Washington State Implements Hardcore Distracted Driving Law


Olympia, Wash. – Thanks to the legislature and Governor Jay Inslee, Washington state has passed the toughest distracted driving law in the country. The new Washington distracted driving law, called the Driving Under the Influence of Electronics Act, goes into effect July 23.

This means you can be cited for E-DUI. It’s not the same as DUI, but the association is causing a huge stir. The bill was drafted in response to a 32 percent increase in deaths from distracted driving from 2014 to 2015.

Washington has proven quite capable at driving enforcement. It boasts a 95 percent compliance rate with seatbelt laws, for example.

What It Bans

This new Washington distracted driving law bans many activities plenty of people engage in every day. Forget about texting a friend to say you’re running late, even at a red light, at least if you’re behind the wheel.

Even when the vehicle is stopped, a driver can’t use a handheld device. The only time you can be in the driver’s seat and use a device is if the car is pulled all the way off the road.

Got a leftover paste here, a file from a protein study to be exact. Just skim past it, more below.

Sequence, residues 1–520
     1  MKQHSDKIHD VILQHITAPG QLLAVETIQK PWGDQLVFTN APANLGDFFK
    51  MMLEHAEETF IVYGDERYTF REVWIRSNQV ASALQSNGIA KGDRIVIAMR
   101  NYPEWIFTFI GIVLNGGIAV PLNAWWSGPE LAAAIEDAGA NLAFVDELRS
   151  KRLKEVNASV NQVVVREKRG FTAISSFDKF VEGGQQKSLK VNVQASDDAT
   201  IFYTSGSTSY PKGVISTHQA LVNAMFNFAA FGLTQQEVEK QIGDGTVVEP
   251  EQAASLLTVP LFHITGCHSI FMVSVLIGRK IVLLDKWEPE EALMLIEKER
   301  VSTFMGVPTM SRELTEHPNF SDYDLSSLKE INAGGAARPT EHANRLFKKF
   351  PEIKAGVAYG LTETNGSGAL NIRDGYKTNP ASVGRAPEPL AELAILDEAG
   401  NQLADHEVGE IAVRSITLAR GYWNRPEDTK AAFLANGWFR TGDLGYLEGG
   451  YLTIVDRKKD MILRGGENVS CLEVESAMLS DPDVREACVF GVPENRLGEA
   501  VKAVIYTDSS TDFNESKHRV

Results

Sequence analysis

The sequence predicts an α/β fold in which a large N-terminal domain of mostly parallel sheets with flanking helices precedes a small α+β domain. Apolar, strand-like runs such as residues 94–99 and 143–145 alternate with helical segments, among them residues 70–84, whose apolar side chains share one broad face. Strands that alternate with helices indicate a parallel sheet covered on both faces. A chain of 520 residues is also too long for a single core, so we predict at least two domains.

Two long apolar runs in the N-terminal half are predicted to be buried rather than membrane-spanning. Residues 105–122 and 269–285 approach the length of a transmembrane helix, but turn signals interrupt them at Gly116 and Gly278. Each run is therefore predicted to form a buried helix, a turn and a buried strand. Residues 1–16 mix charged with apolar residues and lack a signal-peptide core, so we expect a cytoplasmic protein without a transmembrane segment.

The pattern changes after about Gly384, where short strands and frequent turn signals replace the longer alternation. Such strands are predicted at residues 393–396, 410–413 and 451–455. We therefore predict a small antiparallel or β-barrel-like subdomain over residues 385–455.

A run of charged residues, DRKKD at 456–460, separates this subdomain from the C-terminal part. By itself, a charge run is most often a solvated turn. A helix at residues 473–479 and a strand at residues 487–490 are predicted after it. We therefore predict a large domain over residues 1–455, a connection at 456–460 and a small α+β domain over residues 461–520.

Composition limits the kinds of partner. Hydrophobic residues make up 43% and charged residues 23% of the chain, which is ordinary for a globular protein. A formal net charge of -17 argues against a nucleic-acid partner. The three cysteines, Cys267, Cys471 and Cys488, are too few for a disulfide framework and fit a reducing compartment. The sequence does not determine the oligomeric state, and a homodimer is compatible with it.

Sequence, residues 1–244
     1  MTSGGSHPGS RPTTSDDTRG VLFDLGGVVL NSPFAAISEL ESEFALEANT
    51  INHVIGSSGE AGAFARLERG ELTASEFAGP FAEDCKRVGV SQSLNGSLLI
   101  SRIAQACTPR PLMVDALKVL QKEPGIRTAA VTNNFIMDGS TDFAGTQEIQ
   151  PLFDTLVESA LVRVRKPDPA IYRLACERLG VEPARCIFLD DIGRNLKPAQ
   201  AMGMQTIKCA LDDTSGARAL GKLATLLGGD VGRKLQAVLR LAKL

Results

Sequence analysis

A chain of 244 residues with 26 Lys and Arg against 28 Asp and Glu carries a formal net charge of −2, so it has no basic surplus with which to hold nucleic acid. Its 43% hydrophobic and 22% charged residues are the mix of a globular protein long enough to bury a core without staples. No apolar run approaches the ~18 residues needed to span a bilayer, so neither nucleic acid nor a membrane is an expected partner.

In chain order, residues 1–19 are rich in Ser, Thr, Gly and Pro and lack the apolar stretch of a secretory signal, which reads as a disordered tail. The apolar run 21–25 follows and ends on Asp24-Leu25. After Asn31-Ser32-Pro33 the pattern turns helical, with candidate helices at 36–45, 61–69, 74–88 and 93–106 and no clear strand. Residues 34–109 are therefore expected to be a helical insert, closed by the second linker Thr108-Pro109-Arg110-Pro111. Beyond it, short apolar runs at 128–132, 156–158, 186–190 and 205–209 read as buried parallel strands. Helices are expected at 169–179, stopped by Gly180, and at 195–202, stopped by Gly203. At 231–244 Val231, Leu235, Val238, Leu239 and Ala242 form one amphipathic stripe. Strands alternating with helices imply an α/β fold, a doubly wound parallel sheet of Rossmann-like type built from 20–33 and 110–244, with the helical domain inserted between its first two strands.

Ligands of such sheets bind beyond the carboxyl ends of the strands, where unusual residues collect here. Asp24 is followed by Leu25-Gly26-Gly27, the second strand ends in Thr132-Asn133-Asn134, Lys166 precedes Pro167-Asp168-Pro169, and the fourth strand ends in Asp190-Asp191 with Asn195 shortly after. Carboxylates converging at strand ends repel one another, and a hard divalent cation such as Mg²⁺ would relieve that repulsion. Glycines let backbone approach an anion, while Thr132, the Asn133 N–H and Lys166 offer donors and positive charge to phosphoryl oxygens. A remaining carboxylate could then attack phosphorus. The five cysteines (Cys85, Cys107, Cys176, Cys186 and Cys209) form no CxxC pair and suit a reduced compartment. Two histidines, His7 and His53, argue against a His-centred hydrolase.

E-DUI is a primary offense. In other words, a police officer can pull you over for any of these violations alone. The first time it’ll cost you $136.

If you’re cited a second time, it jumps to $235. Oh, and your insurance rates will likely climb, just for good measure.

Some activities are secondary offenses, and they don’t even involve electronics. These include grooming yourself (like putting on eyeliner or shaving), eating or drinking a beverage. A citation for these will cost you $30.

What Still Goes

If you have a cradle mounted in your car, you can use a device while driving. At least, that’s if you’re just using it to navigate, but not watch videos. Apparently, the legislature thought the public wasn’t smart enough to figure that out.

Also, your infotainment system is fair game. Automakers would be up in arms if that weren’t the case. Drivers can fiddle with the confusing menus instead of watching traffic ahead, if they so choose.

This is where the law gets a little fuzzy. It allows “minimal use of a finger” to work a device. Exactly what constitutes minimal use could be subjective.

Phone calls while driving are banned. The only exception are emergency calls, and calls between transit employees and dispatchers. If you have a CB radio in your car, for whatever random reason, you can still use it.


According to the Seattle Times, state workers surveyed drivers and found almost 10 percent have a device in hand at any moment.

How easily will police officers in Washington be able to enforce this law? It seems like a tall task. And there could be legal challenges once it goes into effect.